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Research: Evaluation of demand and supply predictors of uptake of intermittent preventive treatment for malaria in pregnancy in Malawi

December 8, 2017 - 05:03 -- MalariaWorld Journal
Author(s): 
Emmanuel N. Odjidja, Predrag Duric
Reference: 
MWJ2017,8,20
Article type: 
Research
Abstract:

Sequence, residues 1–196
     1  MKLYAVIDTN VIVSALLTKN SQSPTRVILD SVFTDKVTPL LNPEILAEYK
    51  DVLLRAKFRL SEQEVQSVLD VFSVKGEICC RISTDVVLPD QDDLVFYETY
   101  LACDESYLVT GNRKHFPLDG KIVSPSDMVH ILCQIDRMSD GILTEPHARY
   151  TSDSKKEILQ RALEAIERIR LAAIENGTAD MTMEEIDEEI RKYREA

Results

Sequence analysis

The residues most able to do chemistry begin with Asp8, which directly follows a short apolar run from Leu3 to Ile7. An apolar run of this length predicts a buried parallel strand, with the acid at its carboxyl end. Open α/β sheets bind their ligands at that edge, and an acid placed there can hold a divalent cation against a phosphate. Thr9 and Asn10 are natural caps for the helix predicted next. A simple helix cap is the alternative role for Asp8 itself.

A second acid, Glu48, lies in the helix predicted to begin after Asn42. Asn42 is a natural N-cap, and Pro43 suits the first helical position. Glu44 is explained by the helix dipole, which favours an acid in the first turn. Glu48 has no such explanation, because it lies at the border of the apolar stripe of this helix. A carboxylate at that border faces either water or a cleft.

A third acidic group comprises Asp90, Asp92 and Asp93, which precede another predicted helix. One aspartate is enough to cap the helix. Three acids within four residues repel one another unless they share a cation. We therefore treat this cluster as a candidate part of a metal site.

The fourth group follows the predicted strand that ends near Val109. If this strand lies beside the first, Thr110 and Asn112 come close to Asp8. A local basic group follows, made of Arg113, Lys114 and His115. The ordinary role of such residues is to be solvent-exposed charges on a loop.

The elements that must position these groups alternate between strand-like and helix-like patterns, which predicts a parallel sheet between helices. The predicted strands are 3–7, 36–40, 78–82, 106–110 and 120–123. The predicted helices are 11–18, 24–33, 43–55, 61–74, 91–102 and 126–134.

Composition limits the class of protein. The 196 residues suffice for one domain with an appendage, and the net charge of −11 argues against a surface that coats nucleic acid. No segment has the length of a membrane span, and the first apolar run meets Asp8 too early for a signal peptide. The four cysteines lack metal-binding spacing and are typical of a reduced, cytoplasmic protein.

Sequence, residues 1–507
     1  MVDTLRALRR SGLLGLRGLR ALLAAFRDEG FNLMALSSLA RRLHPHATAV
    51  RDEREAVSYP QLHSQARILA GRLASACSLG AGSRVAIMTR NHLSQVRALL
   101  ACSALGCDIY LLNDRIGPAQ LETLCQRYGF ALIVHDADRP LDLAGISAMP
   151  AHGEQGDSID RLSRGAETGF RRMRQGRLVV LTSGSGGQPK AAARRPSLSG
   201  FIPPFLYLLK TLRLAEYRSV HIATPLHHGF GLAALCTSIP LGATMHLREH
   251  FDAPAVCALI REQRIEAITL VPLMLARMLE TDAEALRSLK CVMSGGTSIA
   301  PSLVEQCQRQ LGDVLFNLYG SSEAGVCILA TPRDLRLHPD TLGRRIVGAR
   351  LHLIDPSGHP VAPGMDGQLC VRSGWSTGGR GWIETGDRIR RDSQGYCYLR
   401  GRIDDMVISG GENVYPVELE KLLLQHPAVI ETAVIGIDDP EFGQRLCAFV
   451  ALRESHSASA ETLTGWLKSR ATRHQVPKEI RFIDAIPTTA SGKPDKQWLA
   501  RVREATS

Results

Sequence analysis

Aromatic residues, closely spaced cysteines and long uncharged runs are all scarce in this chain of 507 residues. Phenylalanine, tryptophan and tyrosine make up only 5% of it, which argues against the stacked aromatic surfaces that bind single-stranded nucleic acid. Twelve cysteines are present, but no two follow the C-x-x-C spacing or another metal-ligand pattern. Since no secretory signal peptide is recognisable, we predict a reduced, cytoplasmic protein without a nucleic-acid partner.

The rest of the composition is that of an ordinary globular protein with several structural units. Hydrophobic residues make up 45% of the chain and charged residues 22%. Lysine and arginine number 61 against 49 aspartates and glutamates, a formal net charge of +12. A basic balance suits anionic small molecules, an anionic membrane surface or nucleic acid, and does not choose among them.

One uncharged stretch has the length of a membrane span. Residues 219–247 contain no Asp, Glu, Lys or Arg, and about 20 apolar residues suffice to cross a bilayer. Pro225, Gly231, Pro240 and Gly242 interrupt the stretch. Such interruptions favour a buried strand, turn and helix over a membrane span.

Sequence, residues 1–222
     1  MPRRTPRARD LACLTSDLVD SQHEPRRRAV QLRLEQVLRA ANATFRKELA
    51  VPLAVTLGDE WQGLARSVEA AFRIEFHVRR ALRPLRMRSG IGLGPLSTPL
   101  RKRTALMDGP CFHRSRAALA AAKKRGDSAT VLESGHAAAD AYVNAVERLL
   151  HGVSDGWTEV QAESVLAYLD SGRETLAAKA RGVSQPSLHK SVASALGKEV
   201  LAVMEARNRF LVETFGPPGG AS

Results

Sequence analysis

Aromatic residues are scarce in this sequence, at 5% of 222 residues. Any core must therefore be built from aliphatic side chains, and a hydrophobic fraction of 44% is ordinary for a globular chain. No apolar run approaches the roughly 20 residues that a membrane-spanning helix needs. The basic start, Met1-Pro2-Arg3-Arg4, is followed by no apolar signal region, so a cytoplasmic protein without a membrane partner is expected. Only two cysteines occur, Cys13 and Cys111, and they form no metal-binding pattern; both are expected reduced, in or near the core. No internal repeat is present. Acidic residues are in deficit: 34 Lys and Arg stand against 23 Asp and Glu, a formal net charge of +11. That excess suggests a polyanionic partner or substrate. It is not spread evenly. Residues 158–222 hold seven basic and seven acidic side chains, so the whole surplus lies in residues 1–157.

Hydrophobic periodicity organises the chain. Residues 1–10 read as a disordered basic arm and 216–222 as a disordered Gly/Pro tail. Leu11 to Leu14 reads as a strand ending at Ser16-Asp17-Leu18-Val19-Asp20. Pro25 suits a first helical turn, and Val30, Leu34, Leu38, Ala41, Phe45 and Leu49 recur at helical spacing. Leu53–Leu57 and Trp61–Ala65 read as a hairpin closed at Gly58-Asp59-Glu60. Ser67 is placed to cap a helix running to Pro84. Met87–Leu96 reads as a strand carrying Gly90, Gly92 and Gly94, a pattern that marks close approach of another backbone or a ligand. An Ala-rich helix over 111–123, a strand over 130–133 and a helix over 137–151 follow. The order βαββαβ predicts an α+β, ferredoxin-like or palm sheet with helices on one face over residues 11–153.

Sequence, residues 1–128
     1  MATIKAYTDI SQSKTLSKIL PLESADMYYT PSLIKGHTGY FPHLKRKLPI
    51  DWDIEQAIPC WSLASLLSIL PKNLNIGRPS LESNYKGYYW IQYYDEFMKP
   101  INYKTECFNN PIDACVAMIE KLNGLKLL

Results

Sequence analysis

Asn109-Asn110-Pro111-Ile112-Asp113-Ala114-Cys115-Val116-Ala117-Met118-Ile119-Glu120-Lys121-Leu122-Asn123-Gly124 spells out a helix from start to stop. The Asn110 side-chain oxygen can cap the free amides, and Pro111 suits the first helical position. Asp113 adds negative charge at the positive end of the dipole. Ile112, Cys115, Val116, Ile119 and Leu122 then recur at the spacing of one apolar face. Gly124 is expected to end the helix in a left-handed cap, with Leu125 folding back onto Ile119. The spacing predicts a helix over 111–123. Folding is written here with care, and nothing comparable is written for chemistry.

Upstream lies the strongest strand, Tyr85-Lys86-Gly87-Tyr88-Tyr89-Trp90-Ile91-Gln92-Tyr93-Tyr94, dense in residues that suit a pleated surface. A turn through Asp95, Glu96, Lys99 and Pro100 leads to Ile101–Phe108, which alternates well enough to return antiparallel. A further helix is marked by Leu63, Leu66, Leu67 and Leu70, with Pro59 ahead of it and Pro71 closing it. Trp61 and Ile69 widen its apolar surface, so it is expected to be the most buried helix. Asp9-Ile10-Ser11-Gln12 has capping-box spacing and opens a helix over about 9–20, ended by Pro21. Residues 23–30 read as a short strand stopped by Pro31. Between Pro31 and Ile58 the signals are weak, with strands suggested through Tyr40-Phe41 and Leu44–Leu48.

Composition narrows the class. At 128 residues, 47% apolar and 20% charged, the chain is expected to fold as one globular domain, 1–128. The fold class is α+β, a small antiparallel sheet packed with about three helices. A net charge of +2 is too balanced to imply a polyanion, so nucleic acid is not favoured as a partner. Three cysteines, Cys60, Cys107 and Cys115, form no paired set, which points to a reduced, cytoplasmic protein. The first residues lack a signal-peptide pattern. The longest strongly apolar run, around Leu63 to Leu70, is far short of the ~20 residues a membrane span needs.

The intermittent preventive treatment (IPTp) policy of Malawi (2002) stipulates that IPTp is administered during antenatal care as a direct observation therapy (DOT). The policy further recommends that IPT should be administered monthly after 16 weeks of pregnancy until delivery. This study assessed both the demand and supply factors contributing to higher dropout of IPT after the first dose. Optimal number of doses was pegged at a minimum of three in accordance with WHO recommendation. Data were analysed from the Malawi multiple indicator cluster survey (2015) and the service provision assessment (2014) of 6637 women (aged 15 – 49 yrs), 763 facilities and 2105 health workers. The sample was made up of pregnant women, health facilities and workers involved in routine antenatal services across all regions of Malawi. A composit e indicator was constructed to report integration of IPTp with ANC services and administration of IPTp - SP as DOT. Multivariate and logistic regression were conducted to determine associations. Regression analysis found that: 1. Age of women (women 35 – 49 yrs, AOR 1.98; 95% CI 1.42 – 2.13, number of children as well as the number of ANC visits were associated with optimal uptake of IPTp. 2. Administering IPT as DOT was higher in facilities in rural areas (AOR 1.86; 95% CI 1.54 – 1.92) than in urban areas. 3. Administration of IPTp as DOT was relatively lower in across all facilities with highest being facilities managed by CHAM (72.8%, AOR 1.40; 95% CI 1.22 – 1.54). Health system bottlenecks were found to present the main cause of low coverage with optimal doses of IPTp. Incorporating these results into strategic policy IPTp formulation could help improve coverage to desired levels. This study could serve as plausible evidence for government and donors when planning malaria in pregnancy interventions, especially in remote parts of Malawi.

 
 
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